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The website for Time magazine launched an "adaptive" redesign this week with a 'three-lane highway' layout, including a breaking news stream, a list of top stories, and a channel for interactive and "deeper reporting".

The design follows an ongoing effort to make the website – which reported 23 million unique visitors via ComScore in January – "do 24/7 what Time has always done for the week", Edward Felsenthal, managing editor of the site, told

On the desktop homepage, the content is split into a "three-lane highway", Felsenthal said, including a breaking news stream, which runs along the left-hand side of the screen on desktop, and a central stream featuring a list of what Time editors consider the "12 most important stories you need to know about right now", titled The Brief. 

Article pages also feature a left-hand column offering the 'latest' and most 'popular' content, in terms of most read and most shared. This section will "follow the users no matter where you go on the site", he added, meaning those who access content "through side doors" such as social or search, will still "get the news happening now". Traffic from social in particular is said to be up 284 per cent year-on-year.

The third main stream on the desktop homepage is a "slower lane", Felsenthal explained, "in which you can take in the view and experience Time's deeper reporting"

The redesign of the site - which first launched as "fully responsive" back in 2012 - was "really built with mobile in mind", Felsenthal told, highlighting that mobile now amounts for 45 per cent of traffic to the site – said to be based on ComScore statistics for January – which is reported to be a 27 per cent increase year-on-year.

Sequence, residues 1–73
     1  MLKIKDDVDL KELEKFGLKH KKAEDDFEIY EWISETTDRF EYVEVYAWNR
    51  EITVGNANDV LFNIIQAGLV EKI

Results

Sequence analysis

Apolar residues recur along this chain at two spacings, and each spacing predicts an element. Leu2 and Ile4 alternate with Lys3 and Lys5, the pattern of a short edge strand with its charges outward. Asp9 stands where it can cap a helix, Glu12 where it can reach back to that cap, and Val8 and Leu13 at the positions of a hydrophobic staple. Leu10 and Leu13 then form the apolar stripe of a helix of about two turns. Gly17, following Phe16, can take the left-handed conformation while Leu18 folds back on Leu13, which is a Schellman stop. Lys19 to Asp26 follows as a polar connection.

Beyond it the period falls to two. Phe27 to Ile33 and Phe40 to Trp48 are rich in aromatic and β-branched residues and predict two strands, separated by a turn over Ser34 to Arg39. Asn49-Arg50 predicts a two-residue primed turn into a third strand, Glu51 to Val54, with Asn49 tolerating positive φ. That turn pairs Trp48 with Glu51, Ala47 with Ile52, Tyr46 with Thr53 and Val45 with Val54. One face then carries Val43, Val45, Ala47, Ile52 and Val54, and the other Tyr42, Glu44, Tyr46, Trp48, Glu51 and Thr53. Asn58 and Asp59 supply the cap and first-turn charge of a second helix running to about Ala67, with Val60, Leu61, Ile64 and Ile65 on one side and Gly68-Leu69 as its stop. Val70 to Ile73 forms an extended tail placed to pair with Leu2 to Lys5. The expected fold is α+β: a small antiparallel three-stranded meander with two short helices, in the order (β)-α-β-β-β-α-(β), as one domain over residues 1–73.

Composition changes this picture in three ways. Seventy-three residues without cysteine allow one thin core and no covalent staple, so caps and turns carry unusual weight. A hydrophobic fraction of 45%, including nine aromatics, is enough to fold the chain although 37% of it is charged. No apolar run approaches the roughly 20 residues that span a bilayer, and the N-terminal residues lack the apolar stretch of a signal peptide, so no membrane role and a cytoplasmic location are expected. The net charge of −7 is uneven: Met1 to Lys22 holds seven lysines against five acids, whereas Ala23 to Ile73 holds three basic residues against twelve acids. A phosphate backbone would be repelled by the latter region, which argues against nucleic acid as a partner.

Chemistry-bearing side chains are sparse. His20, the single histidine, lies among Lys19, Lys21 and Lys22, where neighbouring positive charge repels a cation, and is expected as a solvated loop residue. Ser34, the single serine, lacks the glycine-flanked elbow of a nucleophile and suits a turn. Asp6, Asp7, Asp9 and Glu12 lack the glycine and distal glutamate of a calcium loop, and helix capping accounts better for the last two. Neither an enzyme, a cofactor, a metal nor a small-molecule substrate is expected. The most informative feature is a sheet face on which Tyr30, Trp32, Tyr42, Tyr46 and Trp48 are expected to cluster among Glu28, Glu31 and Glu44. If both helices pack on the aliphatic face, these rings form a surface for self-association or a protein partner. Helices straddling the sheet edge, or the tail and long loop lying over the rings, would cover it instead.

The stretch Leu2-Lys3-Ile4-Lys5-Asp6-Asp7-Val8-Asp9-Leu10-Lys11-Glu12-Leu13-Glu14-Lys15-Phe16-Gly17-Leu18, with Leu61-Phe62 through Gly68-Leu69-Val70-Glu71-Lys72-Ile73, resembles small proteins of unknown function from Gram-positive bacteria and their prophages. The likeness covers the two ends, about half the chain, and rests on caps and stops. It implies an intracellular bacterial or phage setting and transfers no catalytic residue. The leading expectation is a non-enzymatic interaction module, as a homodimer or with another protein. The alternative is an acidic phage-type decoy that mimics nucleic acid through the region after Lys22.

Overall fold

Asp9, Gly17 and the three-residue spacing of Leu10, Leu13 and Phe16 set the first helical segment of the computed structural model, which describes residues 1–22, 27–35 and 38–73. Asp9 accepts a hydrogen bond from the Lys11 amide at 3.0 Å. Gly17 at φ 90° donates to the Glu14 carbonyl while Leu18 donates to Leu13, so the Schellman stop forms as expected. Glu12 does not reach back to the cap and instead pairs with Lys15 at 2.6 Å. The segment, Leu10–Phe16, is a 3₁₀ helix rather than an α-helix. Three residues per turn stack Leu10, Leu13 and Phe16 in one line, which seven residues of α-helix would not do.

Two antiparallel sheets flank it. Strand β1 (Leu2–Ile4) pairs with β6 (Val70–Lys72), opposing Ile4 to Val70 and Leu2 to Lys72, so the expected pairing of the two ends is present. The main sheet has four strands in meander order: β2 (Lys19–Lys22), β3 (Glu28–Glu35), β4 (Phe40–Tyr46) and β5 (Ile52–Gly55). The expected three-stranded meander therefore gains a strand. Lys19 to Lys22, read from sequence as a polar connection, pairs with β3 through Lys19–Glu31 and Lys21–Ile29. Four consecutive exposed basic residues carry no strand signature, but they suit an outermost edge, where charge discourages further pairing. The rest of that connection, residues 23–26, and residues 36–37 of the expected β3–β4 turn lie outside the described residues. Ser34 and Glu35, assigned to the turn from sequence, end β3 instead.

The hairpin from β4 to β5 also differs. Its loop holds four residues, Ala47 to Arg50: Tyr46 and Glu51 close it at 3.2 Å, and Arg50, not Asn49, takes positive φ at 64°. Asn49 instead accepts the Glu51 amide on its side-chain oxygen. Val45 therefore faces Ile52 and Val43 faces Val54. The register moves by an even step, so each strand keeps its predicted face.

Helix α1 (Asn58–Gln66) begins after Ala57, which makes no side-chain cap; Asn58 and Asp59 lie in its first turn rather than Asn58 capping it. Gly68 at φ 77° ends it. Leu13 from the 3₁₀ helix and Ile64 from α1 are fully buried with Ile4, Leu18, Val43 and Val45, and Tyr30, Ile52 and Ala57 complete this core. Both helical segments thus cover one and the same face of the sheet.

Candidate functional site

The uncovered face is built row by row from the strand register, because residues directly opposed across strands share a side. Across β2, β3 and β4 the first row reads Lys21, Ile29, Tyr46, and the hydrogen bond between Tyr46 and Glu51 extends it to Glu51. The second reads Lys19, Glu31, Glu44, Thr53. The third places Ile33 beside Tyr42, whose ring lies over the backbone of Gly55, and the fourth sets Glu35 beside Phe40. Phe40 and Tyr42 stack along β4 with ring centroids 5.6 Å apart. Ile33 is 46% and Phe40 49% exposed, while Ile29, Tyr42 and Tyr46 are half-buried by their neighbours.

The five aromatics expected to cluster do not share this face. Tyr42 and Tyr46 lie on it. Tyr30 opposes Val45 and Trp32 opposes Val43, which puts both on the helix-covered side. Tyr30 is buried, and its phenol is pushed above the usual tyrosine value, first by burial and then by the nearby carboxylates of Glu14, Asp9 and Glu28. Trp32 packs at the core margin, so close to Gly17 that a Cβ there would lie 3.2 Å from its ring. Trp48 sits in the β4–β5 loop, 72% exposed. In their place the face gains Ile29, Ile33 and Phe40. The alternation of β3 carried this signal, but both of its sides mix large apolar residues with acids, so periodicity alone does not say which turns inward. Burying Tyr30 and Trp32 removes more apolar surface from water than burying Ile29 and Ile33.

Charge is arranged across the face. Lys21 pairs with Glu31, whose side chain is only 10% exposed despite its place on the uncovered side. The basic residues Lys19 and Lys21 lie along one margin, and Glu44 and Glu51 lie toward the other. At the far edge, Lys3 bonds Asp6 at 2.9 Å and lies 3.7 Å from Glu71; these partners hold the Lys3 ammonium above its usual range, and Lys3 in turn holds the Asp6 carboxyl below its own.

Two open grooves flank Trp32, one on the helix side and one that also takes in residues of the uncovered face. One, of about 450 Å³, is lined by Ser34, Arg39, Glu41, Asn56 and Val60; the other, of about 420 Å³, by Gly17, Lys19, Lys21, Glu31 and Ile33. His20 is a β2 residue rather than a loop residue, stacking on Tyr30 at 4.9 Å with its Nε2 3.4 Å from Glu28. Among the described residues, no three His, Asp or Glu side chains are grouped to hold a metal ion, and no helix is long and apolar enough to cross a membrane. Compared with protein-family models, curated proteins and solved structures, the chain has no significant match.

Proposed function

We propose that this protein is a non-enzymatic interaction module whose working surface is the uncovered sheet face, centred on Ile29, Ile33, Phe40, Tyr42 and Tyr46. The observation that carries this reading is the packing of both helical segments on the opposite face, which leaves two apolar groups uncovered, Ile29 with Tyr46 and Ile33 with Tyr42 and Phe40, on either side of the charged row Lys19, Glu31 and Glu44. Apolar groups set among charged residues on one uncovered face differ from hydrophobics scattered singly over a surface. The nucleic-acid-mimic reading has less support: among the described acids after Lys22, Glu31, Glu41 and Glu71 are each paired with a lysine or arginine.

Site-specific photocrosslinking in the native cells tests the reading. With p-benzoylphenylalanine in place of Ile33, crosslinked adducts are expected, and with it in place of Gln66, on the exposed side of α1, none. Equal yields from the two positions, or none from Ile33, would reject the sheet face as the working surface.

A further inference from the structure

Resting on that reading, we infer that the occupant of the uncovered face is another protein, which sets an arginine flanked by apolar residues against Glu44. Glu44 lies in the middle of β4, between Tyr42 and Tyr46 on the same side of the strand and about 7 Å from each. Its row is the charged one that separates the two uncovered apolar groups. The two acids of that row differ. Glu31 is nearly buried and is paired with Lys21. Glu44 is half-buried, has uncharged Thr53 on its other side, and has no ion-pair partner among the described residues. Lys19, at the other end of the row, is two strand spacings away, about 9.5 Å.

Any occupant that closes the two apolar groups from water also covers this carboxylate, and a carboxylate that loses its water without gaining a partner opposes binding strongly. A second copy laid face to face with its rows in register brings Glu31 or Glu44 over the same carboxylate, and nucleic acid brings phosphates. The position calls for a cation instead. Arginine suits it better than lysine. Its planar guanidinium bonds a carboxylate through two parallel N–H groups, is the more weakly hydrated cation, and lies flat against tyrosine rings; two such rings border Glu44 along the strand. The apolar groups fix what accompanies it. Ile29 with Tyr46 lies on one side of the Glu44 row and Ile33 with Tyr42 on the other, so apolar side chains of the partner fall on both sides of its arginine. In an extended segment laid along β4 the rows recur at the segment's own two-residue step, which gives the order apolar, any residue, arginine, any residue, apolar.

As a result, the redesign aims to be "extremely easy to scan", Felsenthal explained, adding that Time "wanted to make sure [readers] could get a fast, smart take on the news that’s happening right now". In comparison, the homepage screen on mobile focuses on The Brief stream, with the ability to move to different sections of the site via a menu bar.

As well as appealing to mobile and social readers, the redesign is also intended "to encourage" increased engagement.

The new design "does a much better job of presenting more options that might encourage you to stick around than our old site", Felsenthal said, adding it was "very intentionally built that way".

It also aims to support efforts by Time to build up its subscriber base, who pay to access stories from the magazine online.

The site's rise in web traffic over the past year, of 118 per cent from January 2013 to January 2014, has prompted a 36 per cent boost "in the number of people who then pay to read some of the premium content". Felsenthal explained.

"Part of the strategy is to grow our total audience but also grow the percentage of that audience that dives in to read the magazine content".

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